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Joint APM / RICS conference - project leadership

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I attended this event on behalf of the people SIG and found it to be very thought inspiring and a worthwhile way to spend a day. It highlights my own views and experience that, as we emerge from recession, there is a new emphasis on the role of project manager as organisational change leader – which has perhaps been forgotten in more recent years.

The need for all organisations to recognise, nurture, and offer opportunities to develop these people centred skills amongst their project staff also received quite a bit of attention. It is clear that once again, public and private sector organisations are thinking about how they might do more to retain their most experienced staff as more opportunities inevitably arise in the upturn, and what more they can do to ensure people are happy and challenged in their employment, and are deployed to the maximum benefit of their employer, at a time that many operate in an increasing context of change.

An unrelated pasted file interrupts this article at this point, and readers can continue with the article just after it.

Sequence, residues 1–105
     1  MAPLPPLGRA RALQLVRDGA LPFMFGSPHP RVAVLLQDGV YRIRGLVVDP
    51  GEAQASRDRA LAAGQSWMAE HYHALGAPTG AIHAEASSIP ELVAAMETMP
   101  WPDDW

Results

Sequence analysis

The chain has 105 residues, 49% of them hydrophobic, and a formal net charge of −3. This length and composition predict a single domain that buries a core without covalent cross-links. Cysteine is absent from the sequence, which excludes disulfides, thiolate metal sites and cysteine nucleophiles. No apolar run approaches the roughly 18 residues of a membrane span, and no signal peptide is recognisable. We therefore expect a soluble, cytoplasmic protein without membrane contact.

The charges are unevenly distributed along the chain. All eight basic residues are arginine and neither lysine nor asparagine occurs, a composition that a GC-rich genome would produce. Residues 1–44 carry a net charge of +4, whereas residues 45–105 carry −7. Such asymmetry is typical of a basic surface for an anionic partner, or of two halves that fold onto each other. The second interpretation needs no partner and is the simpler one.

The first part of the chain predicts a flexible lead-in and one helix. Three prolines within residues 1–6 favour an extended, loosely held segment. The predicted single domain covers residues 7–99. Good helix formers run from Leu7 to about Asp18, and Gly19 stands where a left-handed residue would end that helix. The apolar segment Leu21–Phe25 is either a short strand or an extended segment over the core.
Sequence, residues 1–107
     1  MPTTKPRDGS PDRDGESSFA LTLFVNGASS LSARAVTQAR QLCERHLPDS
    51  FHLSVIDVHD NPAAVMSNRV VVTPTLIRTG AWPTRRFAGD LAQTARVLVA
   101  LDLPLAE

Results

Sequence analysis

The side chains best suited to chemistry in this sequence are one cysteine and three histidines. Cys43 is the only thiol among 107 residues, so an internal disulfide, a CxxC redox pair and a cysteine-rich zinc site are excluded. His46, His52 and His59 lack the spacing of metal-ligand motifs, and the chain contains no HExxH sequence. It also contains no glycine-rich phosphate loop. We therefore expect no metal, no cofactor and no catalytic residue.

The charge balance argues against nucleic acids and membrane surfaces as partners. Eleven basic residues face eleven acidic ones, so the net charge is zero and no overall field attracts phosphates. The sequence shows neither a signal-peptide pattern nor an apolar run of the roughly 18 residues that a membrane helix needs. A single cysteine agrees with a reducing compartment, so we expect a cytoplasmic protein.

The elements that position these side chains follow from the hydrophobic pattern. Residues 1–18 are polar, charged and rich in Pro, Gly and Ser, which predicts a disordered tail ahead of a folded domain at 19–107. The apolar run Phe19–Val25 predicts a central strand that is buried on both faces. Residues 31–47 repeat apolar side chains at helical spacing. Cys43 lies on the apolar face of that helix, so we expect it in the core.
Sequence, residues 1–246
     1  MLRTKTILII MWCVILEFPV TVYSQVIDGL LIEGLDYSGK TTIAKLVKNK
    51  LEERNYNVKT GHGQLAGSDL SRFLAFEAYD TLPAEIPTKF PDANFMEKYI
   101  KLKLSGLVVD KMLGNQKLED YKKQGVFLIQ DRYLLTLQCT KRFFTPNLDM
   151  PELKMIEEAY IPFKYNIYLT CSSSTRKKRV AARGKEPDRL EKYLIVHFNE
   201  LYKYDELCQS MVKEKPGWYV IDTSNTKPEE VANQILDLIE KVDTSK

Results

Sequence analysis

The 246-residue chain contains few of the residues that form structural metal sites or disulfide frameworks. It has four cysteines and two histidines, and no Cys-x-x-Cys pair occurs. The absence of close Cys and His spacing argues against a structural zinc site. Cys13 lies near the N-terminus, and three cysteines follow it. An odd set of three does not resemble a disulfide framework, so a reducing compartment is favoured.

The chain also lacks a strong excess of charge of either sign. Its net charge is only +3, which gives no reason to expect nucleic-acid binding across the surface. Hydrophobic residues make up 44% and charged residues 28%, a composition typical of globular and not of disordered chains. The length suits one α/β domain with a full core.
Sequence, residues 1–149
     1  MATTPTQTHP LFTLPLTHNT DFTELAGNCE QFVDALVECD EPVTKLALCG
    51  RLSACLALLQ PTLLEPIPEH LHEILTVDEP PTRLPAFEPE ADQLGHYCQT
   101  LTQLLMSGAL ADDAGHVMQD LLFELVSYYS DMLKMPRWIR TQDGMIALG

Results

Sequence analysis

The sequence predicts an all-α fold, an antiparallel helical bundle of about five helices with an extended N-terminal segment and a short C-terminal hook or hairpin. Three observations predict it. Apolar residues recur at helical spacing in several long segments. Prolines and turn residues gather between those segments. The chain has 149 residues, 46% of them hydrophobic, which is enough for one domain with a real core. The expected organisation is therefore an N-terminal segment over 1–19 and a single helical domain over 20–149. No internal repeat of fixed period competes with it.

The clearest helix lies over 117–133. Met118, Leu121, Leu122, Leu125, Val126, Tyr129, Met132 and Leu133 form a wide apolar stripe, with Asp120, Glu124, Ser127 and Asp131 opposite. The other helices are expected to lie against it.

The event, of course, had a bias to the construction sector with much of the content being fed from reports from construction related activity, but that did not mean that the lessons were all sector specific. There was much of wider application and interest to the Project Management profession in general.

A highlight for me (perhaps as a public sector employee myself) was the session by Peter Hansford (Peter is the Government’s Chief Construction Advisor). Peter's presentation was centred around a message (from the accompanying Government strategy) of what would be required of the construction industry in future, and indeed the increasing need for a leadership role from APM and RICs members in helping to deliver that strategy, particularly as they work on government projects in future. He emphasized that faster construction would be needed, and better whole life value from construction projects would be needed to justify large scale projects, with major reductions in building costs and a much higher emphasis on sustainable development factors.